What stood out in Hockey East’s opening weekend: Jack Eichel dominates; BC, Northeastern struggle defensively

10.13.14 at 8:11 pm ET
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My first two ideas for this post were “What we learned” or “What was surprising,” but you can’t really do those after one weekend of games. It’s dangerous to say we really learned anything from one or two games. Teams and players who struggled could go out and be very good in the next few weeks, and vice versa for those who impressed the most.

Similarly, nothing that happened over the weekend should really be considered all that surprising. We don’t know enough about any of these teams to be surprised by what they did on the first weekend of the season. We may not have expected UMass-Lowell to cruise past Boston College or Vermont to dominate Northeastern, but anything can happen in one game.

So in lieu of those first two options, here’s a look at what stood out:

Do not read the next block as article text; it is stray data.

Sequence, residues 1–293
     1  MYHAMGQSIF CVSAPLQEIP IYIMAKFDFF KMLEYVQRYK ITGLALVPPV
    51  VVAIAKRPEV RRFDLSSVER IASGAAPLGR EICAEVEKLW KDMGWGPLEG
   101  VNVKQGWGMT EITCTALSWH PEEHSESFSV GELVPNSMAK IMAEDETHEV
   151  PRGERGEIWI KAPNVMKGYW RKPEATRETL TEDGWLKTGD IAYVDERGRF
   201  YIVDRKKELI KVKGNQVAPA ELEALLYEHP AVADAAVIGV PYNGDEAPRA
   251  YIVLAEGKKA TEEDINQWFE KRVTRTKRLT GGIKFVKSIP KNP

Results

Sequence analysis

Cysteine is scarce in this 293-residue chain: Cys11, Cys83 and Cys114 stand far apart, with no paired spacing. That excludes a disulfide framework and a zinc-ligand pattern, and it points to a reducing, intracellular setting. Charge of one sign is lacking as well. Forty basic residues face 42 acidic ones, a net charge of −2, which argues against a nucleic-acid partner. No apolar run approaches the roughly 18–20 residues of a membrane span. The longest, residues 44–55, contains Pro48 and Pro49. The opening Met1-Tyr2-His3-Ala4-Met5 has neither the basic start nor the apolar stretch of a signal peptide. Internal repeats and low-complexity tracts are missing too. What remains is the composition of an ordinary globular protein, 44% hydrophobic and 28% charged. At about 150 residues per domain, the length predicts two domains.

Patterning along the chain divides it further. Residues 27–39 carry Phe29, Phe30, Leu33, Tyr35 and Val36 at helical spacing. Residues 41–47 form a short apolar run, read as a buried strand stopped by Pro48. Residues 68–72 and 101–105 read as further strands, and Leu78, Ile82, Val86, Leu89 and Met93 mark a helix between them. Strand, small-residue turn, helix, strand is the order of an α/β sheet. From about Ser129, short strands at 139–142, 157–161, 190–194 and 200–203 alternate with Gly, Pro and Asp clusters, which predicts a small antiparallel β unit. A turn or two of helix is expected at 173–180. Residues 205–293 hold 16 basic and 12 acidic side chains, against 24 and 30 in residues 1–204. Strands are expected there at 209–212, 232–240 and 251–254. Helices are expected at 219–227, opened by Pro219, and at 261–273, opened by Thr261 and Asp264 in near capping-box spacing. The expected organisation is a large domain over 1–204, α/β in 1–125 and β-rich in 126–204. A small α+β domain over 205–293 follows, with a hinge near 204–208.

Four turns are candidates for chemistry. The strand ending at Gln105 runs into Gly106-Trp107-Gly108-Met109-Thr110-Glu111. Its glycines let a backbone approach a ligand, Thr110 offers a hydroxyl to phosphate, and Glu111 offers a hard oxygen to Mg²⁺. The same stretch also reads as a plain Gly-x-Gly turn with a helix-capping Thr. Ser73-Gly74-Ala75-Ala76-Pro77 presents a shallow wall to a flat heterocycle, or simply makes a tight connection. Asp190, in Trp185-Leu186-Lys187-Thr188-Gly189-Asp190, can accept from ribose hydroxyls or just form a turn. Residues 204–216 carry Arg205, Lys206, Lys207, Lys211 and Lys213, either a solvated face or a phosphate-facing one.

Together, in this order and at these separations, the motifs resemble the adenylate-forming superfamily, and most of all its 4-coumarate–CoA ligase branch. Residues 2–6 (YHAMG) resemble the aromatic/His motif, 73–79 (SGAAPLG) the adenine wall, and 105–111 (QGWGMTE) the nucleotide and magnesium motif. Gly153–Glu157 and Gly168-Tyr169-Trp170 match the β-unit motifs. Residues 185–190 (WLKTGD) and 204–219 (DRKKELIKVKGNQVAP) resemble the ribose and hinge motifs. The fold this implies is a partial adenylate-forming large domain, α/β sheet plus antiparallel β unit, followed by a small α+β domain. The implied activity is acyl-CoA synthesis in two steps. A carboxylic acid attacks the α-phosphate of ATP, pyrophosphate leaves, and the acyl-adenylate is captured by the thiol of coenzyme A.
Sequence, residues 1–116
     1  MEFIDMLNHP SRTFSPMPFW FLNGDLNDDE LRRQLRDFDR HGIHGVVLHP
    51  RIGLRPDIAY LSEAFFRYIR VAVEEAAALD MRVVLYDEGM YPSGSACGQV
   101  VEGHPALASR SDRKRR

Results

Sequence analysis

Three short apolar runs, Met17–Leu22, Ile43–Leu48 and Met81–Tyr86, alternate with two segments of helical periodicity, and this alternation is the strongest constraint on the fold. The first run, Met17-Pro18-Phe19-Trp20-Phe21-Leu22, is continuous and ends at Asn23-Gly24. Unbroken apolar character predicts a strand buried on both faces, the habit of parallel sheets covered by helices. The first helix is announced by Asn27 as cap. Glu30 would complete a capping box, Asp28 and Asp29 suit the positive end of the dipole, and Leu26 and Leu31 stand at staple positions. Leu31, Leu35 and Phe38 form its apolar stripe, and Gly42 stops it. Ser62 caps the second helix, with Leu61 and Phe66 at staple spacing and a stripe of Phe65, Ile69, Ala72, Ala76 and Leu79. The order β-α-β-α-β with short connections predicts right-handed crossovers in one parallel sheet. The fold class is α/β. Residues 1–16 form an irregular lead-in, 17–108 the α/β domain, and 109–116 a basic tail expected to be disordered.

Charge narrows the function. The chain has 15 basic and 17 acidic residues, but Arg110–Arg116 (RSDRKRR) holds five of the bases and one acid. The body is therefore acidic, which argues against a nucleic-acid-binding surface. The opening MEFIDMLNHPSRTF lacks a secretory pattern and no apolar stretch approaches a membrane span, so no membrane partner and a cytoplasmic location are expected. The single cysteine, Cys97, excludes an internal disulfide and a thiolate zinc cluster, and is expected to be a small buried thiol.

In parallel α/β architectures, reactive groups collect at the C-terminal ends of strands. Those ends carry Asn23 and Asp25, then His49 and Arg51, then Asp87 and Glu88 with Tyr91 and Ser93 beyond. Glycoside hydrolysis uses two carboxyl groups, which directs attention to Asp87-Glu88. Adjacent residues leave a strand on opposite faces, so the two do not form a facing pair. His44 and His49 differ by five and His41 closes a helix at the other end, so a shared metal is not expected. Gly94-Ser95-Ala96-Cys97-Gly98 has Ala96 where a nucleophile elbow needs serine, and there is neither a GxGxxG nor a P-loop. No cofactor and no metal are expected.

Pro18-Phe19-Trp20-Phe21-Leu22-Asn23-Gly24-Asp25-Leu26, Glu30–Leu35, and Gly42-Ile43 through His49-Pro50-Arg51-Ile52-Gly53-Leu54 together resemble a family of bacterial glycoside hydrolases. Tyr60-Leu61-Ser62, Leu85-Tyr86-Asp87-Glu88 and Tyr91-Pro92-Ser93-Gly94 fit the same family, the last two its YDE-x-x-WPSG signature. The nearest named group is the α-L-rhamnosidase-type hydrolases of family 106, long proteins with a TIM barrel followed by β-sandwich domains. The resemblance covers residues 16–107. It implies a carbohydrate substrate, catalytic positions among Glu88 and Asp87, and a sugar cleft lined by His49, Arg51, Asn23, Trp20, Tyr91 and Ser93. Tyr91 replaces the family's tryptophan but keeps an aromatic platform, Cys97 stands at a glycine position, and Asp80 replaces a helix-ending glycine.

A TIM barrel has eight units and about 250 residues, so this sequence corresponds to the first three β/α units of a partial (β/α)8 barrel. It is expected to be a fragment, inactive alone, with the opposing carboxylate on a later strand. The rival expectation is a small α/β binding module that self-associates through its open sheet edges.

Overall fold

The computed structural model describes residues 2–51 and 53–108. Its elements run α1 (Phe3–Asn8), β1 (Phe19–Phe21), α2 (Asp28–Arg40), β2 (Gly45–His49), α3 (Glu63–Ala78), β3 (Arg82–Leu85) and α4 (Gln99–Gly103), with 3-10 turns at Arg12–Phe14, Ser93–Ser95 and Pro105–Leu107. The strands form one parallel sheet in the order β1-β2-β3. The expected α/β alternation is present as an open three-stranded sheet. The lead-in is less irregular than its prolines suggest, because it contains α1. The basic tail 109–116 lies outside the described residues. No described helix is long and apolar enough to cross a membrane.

Jack Eichel dominates in debut

There was no reason to think Eichel, a probable top-two pick in next summer’s NHL draft, wouldn’t be very good right off the bat, but two goals and two assists in his first non-exhibition college game is better than anyone could’ve reasonably expected, even if it was against a bad UMass team. Eichel was held off the score sheet for the first two periods, but then he exploded for four points in the first 12:39 of the third period as Boston University ran away with an eventual 8-1 win.

These weren’t easy, benefit-from-the-work-of-others points either. He played a central role on all four goals (you can watch them all below — Eichel’s first point is at the 1:27 mark). On the first, he took a pass at the offensive blue line and went straight to the slot before beating Steve Mastalerz with a great wrister. On the second, he won the puck back after nearly turning it over and then made a beautiful backhand pass to Danny O’Regan for the finish.